Litigation Involving Real Estate
One of the most common claims brought against sellers of real property and real estate agents is the allegation that they failed to disclose relevant conditions about the property that materially affects the value of the property. Victoria has handled many such cases, ranging from the failure to disclose that the property had experienced earth movement requiring extensive past and future foundation repair, to claims that the seller failed to disclose a “problem tenant”. Disclosure cases are generally fact intensive, and they are seldom able to be resolved as a matter of law alone; the judge or jury will have to determine whether the undisclosed facts had a significant and measurable effect on the market value of the property. Much litigation turns upon what the seller knew or reasonably should have known, and whether the real estate agent performed a diligent visual inspection of the property and correctly noted “red flag” items that could have tipped the buyer off to a significant potential problem. Victoria has worked with both plaintiffs and defendants in such cases, and will assist clients in resolving these cases through mediation, arbitration, or trial if necessary, in a cost-effective manner.
Another common issue involving real property involves the claim of one neighbor to hold an easement in the property of another. Typically, particularly in Orinda and “semi-rural” areas, these easements are for access to property which is hilly and difficult to reach. Sometimes easement claims arise from the fact that in rural areas, the land surveying has been inconsistent, so that the neighbors truly don’t know where their actual legal boundaries are, and fences and landscaping may have been placed years ago in the wrong areas. Sometimes a party to an easement dispute will attempt to state a cause of action for a prescriptive easement in his neighbor’s property. This would mean that even though a recorded easement was never granted, the neighbor claims that use of the neighbor’s property over time has resulted in the legal right to continue that use. However, California law has been quite clear in the last several years that one cannot acquire an exclusive prescriptive easement in the land of another. This means that a use which will not allow the neighboring property owner to also make use of his or her own property will not be allowed. So, for example, maintaining a garden on a neighbor’s property which prevents the neighbor from expanding his residence, will likely not be allowed as prescriptive use.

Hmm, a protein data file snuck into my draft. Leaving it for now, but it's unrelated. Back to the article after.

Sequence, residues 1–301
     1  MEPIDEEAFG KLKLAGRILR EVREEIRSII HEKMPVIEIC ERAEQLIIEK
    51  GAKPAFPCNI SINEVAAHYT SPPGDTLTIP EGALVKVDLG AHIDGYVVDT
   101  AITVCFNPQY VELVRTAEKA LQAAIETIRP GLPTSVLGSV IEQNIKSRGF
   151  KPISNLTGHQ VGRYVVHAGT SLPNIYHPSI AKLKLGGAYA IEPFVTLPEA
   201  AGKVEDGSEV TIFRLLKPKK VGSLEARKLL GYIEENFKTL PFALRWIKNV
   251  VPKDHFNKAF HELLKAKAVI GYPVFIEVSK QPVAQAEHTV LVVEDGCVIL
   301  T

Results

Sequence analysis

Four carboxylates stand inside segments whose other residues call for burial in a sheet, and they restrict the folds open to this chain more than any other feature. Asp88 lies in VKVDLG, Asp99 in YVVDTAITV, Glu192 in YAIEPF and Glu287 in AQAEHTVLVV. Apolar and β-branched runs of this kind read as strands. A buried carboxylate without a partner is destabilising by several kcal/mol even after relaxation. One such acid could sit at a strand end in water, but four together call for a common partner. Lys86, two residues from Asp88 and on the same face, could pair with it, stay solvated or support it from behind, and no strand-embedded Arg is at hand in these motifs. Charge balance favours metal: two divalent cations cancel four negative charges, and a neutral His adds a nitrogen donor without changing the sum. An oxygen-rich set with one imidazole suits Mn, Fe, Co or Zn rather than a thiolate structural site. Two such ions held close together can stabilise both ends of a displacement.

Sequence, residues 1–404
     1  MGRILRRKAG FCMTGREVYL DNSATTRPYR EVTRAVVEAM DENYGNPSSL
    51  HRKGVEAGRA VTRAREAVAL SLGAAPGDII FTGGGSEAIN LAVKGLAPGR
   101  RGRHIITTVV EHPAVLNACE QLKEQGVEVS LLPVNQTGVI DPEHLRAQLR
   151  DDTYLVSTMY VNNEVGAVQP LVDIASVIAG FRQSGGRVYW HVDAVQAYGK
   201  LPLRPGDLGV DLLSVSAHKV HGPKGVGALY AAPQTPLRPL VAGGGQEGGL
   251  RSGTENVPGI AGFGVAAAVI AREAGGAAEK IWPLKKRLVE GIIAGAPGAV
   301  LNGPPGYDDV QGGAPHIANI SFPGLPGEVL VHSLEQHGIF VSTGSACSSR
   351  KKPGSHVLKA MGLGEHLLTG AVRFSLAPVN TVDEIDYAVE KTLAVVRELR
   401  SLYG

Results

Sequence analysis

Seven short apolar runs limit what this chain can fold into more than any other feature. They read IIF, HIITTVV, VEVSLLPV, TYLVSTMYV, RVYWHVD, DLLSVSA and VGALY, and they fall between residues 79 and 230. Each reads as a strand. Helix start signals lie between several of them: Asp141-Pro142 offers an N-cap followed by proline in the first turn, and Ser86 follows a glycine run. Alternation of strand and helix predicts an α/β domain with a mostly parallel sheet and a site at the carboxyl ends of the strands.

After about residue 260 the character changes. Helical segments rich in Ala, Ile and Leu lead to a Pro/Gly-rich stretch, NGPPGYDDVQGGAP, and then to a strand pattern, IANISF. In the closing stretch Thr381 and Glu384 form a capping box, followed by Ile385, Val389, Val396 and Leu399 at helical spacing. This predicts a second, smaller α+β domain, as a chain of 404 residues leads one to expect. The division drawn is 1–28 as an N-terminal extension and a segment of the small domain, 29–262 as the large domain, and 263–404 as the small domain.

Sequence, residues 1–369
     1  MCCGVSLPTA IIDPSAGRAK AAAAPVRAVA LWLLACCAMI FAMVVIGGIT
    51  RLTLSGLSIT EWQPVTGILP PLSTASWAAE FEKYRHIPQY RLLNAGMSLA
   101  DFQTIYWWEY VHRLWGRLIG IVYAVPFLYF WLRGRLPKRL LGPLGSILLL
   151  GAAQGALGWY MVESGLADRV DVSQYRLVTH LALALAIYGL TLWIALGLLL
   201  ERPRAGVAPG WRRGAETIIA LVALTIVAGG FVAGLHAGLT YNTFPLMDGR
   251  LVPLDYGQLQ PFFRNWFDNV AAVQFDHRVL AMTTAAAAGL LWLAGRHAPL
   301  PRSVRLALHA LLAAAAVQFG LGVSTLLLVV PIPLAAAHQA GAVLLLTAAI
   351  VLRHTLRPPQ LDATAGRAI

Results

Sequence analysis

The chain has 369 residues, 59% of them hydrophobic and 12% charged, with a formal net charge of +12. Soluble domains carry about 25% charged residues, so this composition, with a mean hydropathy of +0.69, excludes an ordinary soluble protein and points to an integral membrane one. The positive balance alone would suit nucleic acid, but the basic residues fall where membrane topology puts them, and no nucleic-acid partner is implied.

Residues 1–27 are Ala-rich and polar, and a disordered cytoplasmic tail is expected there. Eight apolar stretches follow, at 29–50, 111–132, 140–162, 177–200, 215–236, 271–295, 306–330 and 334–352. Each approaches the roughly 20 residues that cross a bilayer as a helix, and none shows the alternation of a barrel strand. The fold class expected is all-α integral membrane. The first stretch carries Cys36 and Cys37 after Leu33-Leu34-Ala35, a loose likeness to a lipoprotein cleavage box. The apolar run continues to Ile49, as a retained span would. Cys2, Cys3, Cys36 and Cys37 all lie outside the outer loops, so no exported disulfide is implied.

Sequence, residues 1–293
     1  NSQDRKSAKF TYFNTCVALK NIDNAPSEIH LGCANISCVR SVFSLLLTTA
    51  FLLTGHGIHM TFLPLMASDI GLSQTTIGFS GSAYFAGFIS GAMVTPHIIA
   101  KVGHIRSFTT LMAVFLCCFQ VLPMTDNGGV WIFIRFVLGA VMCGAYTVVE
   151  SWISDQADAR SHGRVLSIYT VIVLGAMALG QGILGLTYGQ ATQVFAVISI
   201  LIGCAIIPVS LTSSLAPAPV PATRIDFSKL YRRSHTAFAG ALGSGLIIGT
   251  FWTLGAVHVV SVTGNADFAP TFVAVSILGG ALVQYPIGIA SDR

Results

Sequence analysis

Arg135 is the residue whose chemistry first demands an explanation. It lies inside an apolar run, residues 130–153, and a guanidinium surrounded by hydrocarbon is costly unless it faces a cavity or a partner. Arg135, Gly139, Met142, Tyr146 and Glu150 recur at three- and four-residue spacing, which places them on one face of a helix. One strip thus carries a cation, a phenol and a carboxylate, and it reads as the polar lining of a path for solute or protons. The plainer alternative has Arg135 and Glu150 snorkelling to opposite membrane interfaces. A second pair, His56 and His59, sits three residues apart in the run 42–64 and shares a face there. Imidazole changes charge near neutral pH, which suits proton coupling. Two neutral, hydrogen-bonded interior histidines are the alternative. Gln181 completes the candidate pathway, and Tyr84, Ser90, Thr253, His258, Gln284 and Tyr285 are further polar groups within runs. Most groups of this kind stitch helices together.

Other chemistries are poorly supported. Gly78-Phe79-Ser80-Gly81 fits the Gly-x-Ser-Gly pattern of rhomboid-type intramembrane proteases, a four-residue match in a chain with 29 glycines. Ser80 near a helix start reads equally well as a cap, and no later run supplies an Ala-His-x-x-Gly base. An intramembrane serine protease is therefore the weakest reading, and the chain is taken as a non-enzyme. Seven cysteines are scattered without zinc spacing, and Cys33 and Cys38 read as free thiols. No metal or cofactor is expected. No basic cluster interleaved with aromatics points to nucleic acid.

Victoria can work with the parties to understand what the scope of the easement actually is, and what the obligations are with regard to the easement. For example, an easement that was originally granted to allow access by one family to a single family residence, cannot be “surcharged” without agreement, meaning that it cannot be expanded to become a four lane highway! It is also important for the parties to understand what the maintenance and repair obligations of the parties to an easement are. Victoria will work with both plaintiffs and defendants to protect their property interests and the value of their real estate investment.